BNM introduces Rahn policy document

Bank Negara Malaysia (BNM) has issued the Rahn policy document which is aimed at strengthening the practice among Islamic financial institutions to offer services that are end-to-end Shariah-compliant. BNM stated that the subject matter of the Rahn contract shall be collateral that is recognised by Shariah and Shariah-compliant liability or obligation owing to the pledgee. It added that the collateral must be owned either by the obligor, a third party, or the obligor and a third party. BNM said the collateral shall be immediately possessed by the pledgee upon entering into the Rahn contract unless a pledgee approves a delay in possession. A Rahn contract is applicable with contracts including qard, murabahah, tawarruq, baiinah, istisna, ijarah, kafalah, mudarabah, musyarakah, wakalah bi al-istithmar, and wad as well as takaful coverage.

Do Shariah compliant shares perform better?

During the global financial crisis many experts pointed out that Shariah compliant shares had performed much better than those which were not. However, once the world emerged from the crisis, the Shariah All-World index has consistently underperformed its conventional counterpart. A conventional investor who is selecting shares from the complete universe of shares will, on average, outperform a Shariah compliant investor who selects shares only from the Shariah compliant subset of the universe. The conventional investor is always free to buy high quality Shariah compliant shares, but the Shariah compliant investor can never buy high quality non-Shariah compliant shares. This is simply a fact of life to be accepted.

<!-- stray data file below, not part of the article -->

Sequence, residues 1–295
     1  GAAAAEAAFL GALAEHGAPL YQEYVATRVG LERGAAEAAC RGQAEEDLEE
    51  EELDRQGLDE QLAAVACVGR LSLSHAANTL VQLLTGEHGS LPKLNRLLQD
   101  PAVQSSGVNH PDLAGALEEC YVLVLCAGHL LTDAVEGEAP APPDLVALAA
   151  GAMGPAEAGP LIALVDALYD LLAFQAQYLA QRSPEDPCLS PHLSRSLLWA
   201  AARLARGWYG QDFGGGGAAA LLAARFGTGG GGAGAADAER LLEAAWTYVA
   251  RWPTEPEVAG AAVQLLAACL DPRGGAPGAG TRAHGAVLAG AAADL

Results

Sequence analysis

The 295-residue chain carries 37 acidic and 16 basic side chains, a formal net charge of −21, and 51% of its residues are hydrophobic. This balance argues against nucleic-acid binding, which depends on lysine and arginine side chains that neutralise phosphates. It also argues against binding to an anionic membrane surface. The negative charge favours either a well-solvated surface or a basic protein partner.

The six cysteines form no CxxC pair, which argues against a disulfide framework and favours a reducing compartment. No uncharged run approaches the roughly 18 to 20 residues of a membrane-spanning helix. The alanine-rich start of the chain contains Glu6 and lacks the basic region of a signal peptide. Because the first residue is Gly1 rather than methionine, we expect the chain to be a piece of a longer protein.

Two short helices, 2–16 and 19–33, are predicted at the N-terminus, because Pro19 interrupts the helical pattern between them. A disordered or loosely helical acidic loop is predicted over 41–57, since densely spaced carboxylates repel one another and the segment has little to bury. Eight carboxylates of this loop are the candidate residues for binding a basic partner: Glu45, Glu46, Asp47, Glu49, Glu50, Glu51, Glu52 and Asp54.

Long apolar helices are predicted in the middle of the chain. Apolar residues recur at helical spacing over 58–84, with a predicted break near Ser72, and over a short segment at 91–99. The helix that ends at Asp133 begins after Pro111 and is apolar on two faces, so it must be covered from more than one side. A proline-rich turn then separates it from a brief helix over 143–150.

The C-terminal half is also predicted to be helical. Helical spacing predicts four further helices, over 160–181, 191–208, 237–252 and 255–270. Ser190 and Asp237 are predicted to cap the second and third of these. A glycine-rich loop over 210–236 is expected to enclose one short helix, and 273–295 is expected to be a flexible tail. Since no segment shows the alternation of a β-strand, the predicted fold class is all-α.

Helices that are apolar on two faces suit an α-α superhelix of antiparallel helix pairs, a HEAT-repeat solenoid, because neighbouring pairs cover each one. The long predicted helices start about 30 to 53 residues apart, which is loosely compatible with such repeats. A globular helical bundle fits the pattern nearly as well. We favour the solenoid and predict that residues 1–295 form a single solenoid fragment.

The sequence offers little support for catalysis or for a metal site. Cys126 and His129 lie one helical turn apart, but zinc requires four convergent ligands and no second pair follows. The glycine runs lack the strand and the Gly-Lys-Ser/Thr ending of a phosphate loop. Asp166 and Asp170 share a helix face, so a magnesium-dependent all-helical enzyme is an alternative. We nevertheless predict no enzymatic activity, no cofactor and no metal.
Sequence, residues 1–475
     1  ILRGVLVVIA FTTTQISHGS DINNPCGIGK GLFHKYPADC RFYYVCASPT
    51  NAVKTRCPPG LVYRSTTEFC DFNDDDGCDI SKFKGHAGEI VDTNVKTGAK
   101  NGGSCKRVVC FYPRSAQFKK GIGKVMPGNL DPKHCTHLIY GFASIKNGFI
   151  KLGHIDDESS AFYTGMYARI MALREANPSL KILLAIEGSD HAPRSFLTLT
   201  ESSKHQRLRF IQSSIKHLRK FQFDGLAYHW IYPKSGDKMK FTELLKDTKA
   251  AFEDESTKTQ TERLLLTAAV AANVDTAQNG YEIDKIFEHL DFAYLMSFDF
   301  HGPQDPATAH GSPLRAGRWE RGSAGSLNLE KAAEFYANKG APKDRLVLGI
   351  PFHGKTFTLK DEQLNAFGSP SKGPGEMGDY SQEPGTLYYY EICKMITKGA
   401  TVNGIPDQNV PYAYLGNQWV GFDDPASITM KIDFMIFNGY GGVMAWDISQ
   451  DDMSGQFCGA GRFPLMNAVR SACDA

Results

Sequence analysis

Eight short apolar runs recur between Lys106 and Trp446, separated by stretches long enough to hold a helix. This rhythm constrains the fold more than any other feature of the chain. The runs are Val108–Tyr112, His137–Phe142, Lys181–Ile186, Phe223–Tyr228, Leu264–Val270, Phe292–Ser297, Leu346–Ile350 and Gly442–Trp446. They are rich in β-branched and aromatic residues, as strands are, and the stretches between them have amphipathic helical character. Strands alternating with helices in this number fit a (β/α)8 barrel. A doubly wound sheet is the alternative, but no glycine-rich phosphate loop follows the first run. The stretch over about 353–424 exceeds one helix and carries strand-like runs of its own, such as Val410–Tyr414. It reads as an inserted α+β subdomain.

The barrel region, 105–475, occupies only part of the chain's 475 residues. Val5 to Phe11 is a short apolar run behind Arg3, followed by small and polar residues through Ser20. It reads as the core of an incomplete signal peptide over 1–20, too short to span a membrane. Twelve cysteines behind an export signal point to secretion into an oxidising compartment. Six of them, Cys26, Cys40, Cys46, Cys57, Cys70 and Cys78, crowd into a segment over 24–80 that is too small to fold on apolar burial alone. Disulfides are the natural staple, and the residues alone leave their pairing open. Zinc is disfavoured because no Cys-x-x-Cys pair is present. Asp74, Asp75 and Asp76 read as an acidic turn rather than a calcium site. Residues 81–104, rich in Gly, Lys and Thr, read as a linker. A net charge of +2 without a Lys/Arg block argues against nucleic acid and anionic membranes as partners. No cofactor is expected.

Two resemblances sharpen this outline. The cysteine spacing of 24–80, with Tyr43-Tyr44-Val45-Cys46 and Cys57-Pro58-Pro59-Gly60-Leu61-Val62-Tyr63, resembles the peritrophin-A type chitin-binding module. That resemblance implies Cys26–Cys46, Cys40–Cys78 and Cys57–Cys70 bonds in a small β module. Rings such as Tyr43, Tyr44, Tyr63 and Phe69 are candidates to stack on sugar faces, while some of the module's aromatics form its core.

AAOIFI holds public event

The Accounting and Auditing Organisation for Islamic Financial Institutions (AAOIFI) held a public hearing of two of its standards hosted by Banque du Liban (BDL) (Central bank of Lebanon) in Beirut, Lebanon. AAOIFI also held its 10th meeting of the AAOIFI Accounting Board (AAB), where the Board deliberated on the Exposure Draft on Ijarah and Ijarah Muntahia Bittamleek, and the Standards Review and Revision Project. Several public hearings for AAOIFI standards have earlier taken place in Bahrain, Egypt, Pakistan, Turkey, United Arab Emirates (UAE) and future public hearings will be held during 2018 in different parts of the world to obtain industry feedback on other exposure drafts already issued by AAOIFI.

New Saudi bankruptcy law 'tries to find balance' between investor and creditor interest

Saudi Arabia’s new bankruptcy law will come into effect in late August and aims to attract foreign and domestic investment in private businesses. The new law is designed to outline bankruptcy proceedings and will offer protection to creditors and embattled companies seeking to conduct their affairs without fear of asset seizure. According to lawyer Dario Najm, an associate in Ahmad bin Hezeem & Associates, the new law allows indebted corporations to maintain their operations while gradually settling their debts. Creditors and debtors will enter into agreements on debt payment schedules. When implemented, the law will be the sole regulation covering bankruptcy, effectively replacing previous rules passed in 1996.